• Increased mortality rate. Girls who are victims of early and forced marriage have higher mortality rates than their unmarried counterparts. In developing countries the leading cause of death among girls aged 15-19 is childbirth, where they are twice as likely to die in labour as a woman over 20.  
  • Poor sexual health. Most girls who are subjected to early or forced marriage usually have poor sexual health. They will have engaged in sex before being physically and emotionally ready, and due to marrying an older man will be at increased risk of sexual infections such as HIV. Research carried out in Nyanza, Kenya found that HIV rates in adolescent married girls was double that of the national average.
  • Higher risk of abuse. According to research carried out by the World Health Organisation, married girls aged 15 to 19 are more likely to experience violence than older married women. Due to lack of education, lower status, lack of control and powerlessness, girls subjected to early or forced marriage suffer higher levels of violence, abuse and rape.

Is early or forced marriage legal?

Marriage is a formalised, binding partnership between consenting adults. Child marriage involves either one or both spouses being children and may take place under civil, religious or customary laws with or without formal registration. A child is usually someone under 18.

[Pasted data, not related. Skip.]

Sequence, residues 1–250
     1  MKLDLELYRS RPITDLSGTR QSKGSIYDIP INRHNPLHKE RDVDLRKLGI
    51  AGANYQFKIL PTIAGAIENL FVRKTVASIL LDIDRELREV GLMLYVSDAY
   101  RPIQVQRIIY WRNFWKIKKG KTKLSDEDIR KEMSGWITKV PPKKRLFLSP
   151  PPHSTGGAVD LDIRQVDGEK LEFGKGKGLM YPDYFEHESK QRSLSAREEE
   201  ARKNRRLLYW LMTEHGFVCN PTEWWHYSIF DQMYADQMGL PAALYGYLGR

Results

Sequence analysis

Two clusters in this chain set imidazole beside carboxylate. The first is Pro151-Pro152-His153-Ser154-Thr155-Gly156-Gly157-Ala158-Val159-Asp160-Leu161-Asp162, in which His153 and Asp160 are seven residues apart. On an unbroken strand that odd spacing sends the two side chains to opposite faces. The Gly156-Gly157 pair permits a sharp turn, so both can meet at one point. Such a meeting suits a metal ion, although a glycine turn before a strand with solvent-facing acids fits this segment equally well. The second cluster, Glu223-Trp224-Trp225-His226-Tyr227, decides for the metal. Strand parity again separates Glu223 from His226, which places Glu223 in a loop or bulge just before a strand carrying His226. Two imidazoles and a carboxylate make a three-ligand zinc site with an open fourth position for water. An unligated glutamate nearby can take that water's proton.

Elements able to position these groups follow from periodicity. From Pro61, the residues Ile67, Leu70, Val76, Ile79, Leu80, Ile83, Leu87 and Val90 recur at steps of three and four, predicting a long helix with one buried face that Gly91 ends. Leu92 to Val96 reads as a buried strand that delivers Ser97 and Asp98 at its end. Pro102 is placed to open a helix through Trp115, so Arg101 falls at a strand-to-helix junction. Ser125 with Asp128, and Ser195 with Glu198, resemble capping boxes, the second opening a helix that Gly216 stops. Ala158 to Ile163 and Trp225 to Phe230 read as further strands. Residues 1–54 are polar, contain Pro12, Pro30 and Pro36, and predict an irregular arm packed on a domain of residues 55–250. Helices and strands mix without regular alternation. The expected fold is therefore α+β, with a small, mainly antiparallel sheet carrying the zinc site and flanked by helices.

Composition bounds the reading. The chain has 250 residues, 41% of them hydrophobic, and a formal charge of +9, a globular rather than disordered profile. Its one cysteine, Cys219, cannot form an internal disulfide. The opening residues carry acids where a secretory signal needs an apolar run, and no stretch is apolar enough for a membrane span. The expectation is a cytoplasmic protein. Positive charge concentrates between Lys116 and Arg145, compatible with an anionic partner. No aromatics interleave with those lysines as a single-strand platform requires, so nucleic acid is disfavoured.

According to the Convention on the Elimination on All Forms of Discrimination against Women (CEDAW), marriage before the age of 18 shouldn’t be allowed since children don’t have the ‘full maturity and capacity to act’. Similarly, the 1948 Universal Declaration of Human Rights states that marriage should be ‘entered only with the free and full consent of the intending spouses’. Where one of the parties getting married is under 18, consent cannot always be assumed to be ‘free and full’.

End early and forced marriage now

The issues surrounding forced marriage are complex and can’t be eradicated overnight, but with your support we can work to end the misery of millions of girls across the world. Help us today.

Take action

Notes
1 Marrying too Young, UNFPA (2012)


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What you can do now